A nearly $15m investment into new "transformative" new scientific programmes, including for cancer treatment, has been announced by the Government.
On Thursday, Research, Science and Innovation Minister Megan Woods announced $14.4m would be channeled into new scientific research programmes in an attempt to answer some of our "greatest challenges".
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"These investments will help us find the answers to some of our greatest challenges – cures to deadly diseases, improving food resilience, and transitioning to a lower carbon and more productive economy," Woods said.
"This kind of research will help make New Zealand’s economy more sustainable."
New cancer treatment research has been given funding. The programme focuses on the trial, manufacture and delivery of novel cancer therapies using Chinese biotech. It will receive $4,950,454 over five years.
It has the potential to "deliver breakthrough immunotherapy treatment that uses a patient's own T-cells, modifying them to recognise and eradicate cancerous cells with a high degree of precision".
The Government's contribution is 40 percent of the programme's estimated cost.
Mike Zablocki, the general manager of the Malaghan Institute, which is one of the organisations behind the programme, says the funding shows the Government recognises a "big future for human immune therapy".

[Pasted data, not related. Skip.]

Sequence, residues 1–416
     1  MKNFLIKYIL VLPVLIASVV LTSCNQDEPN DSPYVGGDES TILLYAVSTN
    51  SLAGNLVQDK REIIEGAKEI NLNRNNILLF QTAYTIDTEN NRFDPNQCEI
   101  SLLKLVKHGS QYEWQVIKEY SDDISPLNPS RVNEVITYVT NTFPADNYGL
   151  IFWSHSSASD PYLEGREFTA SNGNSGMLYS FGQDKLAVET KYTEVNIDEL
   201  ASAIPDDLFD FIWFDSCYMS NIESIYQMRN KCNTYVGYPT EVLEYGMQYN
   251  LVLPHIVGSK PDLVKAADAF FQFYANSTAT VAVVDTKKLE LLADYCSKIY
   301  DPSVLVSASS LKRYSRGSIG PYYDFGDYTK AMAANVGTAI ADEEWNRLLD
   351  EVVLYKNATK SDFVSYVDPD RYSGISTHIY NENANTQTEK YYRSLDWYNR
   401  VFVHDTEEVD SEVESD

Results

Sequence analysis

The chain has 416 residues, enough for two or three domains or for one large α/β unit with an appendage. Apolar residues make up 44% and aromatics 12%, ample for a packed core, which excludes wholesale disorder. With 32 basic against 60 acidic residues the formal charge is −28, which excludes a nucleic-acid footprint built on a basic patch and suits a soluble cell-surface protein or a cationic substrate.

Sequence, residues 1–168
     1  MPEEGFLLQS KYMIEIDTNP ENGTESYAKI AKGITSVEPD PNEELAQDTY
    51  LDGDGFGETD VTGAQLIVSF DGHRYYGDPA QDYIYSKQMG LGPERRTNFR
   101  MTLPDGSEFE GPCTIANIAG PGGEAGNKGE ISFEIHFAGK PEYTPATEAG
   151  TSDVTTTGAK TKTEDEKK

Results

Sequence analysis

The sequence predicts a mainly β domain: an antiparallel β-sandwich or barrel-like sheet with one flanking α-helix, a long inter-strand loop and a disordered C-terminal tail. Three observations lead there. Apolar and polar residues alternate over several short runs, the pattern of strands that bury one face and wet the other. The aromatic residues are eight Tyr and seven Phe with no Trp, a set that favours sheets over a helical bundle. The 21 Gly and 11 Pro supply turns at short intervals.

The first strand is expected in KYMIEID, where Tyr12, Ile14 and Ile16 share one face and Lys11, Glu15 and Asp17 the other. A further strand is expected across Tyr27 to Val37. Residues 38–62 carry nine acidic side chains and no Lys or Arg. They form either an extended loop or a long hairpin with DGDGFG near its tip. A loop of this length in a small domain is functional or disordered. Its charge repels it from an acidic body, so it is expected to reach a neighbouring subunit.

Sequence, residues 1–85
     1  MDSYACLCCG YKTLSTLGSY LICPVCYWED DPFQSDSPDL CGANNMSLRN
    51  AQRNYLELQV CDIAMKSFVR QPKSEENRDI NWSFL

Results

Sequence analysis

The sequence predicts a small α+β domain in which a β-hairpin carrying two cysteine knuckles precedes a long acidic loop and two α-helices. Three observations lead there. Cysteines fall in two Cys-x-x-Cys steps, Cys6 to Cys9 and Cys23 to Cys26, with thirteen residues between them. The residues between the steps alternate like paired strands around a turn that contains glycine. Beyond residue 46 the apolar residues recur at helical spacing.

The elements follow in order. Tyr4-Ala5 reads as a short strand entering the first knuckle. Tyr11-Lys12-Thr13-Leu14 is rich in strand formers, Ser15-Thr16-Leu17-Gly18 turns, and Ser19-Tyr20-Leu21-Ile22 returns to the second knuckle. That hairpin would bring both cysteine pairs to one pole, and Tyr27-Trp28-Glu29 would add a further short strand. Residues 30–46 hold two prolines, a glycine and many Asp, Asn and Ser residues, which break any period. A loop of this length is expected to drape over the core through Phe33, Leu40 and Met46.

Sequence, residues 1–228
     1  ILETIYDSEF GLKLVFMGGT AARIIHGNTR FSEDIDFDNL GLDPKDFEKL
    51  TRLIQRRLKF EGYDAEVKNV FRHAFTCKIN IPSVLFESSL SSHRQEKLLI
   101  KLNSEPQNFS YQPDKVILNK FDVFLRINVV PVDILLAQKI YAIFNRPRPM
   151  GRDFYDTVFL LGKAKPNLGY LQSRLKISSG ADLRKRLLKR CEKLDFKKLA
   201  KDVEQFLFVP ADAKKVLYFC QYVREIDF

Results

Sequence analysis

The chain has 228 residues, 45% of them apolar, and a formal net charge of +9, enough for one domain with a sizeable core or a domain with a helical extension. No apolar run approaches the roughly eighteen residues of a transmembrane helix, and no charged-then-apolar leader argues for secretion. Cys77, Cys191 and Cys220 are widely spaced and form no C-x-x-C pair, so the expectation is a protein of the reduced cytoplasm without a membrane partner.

"This is a growing, high tech, knowledge-intensive sector. This partnership funding will help transform our existing plans for a single phase I trial – already well underway – into a highly focused program of expanding economic opportunity for New Zealand," he said.
The organisation is partnered with China's Hunan Zhaotai Medical Group.
Other funding grants given through the 2018 Partnerships Investment Round - which focuses on long-term, innovative research with the potential of "transformative impact" - include for establishing a new gene editing platform and working with UV light to increase plant productivity and resilience.
Woods said science and innovation are "major drivers" of economic growth and international competitiveness.
Fifteen concept proposals were received for the investment round. Decisions about which programmes receive funding are made by the independent statutory Science Board.
More information about the four successful applicants can be found here.